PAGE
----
My 1000th blog post on Low Carbon Lifestyle. I wonder how much lower carbon my lifestyle would be if I hadn't have done all this blogging?
But hey, no-one's perfect... especially me, as today's events have reminded me.
Today I was due to attend a York Rotters management meeting, but yesterday one of the other managers rang me to tell me that there had been some complaints about me following the Big Green Market last week when I spent over four hours engaging with the public about home composting. So today, instead of the management meeting, I went in to St Nicks to listen to the accusations, and to try to work out how to deal with the issues.
So, what did I do? Well, it was acknowledged that I am an excellent communicator of composting information and there is no-one more enthusiastic and keen. But, on one occasion I was listening to another (novice) Rotter give some (incomplete or incorrect) information and when they had finished, I spoke to the member of the public and said "actually, you CAN compost that", and told them how. The other Rotter felt they had been contradicted and they didn't like it, and complained. So, first complaint, unjustified I think.
The second was more serious... I was talking to another volunteer and we were talking about ethical burials... I'm not sure who initiated the conversation, but that doesn't really matter. The problem, for the complainant, was that I talked about my plans (Gill and I have a burial plot booked in York Cemetery)and was explaining about Promession, which would be my preferred disposal route, and I told the joke which Gill made when we got the plot, that if I died before her, she'd request to be buried face down. Most people find this amusing, but some over sensitive volunteer complained. They thought it was inappropriate as another volunteer Rotter had died the previous week. I am quite matter of fact about death.. I see it as a consequence of life, but I do know that some people are not as comfortable with the thought of this inevitability. So, this complaint was perhaps half justified.
The next one is inexcusable. How I get members of the public engaged is to wait until someone looks at the cut-away compost bin and I then say "Would you like to tell me about your compost bin?" Many people stop and tell me. A few say "No thanks" and on one occasion someone said "I don't bother to compost" and on this occasion I said "So you don't like recycling then" and this I agree was unprofessional of me. Black mark against my name.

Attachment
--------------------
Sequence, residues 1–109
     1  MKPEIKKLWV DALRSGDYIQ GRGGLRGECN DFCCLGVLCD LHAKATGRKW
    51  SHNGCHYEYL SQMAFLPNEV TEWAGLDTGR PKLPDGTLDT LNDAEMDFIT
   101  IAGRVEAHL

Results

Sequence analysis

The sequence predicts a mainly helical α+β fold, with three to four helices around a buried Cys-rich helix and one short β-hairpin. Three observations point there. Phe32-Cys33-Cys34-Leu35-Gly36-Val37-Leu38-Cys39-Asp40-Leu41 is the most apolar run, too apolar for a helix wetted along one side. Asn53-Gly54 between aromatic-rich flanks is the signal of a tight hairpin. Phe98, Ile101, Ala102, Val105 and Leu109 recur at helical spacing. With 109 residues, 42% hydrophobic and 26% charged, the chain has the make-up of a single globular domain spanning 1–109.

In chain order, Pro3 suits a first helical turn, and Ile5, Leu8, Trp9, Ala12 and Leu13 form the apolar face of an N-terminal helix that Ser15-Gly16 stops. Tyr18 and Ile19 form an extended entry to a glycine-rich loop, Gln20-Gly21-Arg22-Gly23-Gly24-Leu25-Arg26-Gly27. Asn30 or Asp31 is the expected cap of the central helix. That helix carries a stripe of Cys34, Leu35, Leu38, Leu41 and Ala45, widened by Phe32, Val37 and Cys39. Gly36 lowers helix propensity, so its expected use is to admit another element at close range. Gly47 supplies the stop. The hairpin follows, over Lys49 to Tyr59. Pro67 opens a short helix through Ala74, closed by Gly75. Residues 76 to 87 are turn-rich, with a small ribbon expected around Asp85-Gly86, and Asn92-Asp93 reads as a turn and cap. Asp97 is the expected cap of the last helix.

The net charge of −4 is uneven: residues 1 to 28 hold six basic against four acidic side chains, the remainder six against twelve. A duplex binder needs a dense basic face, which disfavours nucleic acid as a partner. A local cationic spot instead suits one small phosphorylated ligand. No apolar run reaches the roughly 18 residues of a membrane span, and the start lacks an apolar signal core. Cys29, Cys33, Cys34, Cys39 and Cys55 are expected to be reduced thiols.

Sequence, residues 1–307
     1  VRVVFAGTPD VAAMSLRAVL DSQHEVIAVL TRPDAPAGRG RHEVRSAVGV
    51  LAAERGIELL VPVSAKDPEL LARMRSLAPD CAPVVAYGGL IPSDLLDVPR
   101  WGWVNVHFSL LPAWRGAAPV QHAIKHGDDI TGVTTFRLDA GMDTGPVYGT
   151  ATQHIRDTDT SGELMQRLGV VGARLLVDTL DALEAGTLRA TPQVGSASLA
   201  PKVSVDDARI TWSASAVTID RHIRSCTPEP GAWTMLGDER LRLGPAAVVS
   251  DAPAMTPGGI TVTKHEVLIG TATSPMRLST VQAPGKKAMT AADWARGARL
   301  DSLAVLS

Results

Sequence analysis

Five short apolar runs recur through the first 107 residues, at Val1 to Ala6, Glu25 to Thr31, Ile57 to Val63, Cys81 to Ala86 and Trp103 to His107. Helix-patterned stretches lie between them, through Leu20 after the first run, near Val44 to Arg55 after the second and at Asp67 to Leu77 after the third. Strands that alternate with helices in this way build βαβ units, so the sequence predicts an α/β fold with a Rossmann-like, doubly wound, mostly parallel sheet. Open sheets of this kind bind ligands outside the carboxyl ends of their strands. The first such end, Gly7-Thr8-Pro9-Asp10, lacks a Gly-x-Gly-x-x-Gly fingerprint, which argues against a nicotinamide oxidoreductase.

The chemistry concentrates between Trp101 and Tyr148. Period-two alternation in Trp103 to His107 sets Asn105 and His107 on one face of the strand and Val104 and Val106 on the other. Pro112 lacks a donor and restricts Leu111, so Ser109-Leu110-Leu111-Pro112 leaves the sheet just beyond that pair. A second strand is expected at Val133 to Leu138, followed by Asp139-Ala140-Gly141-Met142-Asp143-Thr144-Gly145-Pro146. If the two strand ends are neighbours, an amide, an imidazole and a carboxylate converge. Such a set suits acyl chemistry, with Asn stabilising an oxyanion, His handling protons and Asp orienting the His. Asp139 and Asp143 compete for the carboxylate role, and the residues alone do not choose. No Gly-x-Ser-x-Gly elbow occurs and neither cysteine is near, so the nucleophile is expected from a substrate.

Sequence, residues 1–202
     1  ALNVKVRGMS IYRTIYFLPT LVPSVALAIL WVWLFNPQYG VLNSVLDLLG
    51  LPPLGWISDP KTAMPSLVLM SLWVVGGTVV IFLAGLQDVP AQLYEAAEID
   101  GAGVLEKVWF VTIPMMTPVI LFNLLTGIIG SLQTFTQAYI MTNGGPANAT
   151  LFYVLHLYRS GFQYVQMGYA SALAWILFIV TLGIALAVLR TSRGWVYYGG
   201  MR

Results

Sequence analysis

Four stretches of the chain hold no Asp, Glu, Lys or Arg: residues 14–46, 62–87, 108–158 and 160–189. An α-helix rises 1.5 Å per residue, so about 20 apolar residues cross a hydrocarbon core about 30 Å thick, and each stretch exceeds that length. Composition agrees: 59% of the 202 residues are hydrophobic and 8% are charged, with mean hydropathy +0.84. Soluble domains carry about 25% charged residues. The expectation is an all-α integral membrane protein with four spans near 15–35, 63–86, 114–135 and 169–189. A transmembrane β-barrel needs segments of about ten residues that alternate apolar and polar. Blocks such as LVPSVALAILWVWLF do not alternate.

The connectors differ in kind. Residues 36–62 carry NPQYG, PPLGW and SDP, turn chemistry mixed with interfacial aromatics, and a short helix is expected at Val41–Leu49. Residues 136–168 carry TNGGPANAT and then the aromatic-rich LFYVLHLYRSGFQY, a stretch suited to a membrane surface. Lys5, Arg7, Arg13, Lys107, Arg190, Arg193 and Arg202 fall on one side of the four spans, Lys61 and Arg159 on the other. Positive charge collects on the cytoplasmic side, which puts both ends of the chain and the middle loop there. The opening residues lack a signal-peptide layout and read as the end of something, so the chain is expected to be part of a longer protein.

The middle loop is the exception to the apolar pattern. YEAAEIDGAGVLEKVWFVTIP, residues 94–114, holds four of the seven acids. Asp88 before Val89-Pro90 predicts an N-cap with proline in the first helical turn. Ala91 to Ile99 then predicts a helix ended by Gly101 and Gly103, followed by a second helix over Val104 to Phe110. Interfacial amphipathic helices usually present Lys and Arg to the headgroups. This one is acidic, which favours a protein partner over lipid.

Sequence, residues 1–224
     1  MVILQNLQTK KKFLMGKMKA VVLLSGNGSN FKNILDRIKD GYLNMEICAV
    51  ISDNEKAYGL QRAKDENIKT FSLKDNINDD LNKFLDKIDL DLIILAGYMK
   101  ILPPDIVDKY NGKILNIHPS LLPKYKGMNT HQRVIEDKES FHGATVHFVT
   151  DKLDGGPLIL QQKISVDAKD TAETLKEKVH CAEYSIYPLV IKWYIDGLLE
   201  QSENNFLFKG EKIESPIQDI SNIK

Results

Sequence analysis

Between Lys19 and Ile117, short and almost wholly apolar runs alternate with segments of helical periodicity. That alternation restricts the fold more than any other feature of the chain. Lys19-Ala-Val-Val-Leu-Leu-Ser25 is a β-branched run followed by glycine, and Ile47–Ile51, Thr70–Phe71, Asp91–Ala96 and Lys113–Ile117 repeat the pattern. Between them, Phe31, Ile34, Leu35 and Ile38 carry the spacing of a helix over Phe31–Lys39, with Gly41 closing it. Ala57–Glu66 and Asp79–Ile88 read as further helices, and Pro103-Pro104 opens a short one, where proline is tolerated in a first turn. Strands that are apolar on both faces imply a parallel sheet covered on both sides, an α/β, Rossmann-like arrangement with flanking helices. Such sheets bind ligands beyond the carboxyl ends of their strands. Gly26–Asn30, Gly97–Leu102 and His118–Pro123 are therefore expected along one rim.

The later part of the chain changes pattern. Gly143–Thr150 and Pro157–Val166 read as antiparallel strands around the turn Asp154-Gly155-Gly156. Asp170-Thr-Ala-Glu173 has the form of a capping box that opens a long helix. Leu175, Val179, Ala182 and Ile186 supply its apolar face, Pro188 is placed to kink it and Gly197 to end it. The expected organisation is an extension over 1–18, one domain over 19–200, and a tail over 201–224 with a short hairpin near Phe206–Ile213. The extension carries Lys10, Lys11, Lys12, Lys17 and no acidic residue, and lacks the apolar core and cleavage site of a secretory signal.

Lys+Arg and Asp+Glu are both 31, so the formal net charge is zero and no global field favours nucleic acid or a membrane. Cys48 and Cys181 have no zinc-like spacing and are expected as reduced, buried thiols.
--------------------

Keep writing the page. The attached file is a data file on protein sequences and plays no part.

The final thing is the thing I'm most sorry about. One volunteer said they wouldn't want to be on the stall with me again, and another said that they felt like not being part of York Rotters after their experience. I am mortified about this as I started York Rotters in 2004 and love the fact we have been so successful, have lots of active volunteers and are a vital part of St Nicks.
So we sat and talked about my behaviour, the fact that I have been diagnosed as on the autistic spectrum, but don't tick quite enough boxes to be given the Aspergers Syndrome label, despite Gill, my mother, my friend Ann and probably others thinking I have all the classic symptoms. And if I do have AS, then it could be classed as a disability, and this puts an interesting spin on the whole situation. However, I am willing to try to improve and learn to be more empathic, more appropriate, and I will again look to try to secure some Cognitive Behavioural Therapy through the NHS, which might help me.
So, the result of this meeting was that I have been suspended from York Rotters for a month to see if we can resolve the situation. I cannot think of any 'quick fix' here. But in the meantime, I won't be wearing the York Rotters teeshirt, won't do any Rotters volunteering, and won't attend any social events. This is sad but if it helps, and enables York Rotters to continue more smoothly, I can accept the situation.
This was a really difficult meeting for my friend and colleague at St Nicks and I don't want to put that person through this again. Nor do I want to upset the other volunteers (whether or not I think they are oversensitive) or members of the public.
Anyway, I cycled home, had an early lunch and cycled off to see Robin who had asked me to help him install his new solar tubes on his roof. We spent an hour getting ready, with the help of his neighbour, and then when I was in his loft poking a sensor wire through the tiles, he realised he had made an assumption about the new set of tube-holders he had bought. His existing set was configured one way round, with water in at one side and hot water out the other, but unfortunately the new set was made the other way around. This means that he will have to replumb his pipework in his loft. What a nuisance. Poor Robin!
I then went into town to pay in a cheque and to get out another to pay for some advertising.
Then back home, via Country Fresh and Freshways.
I had a quiet and fairly subdued evening. I prepared some pears for drying.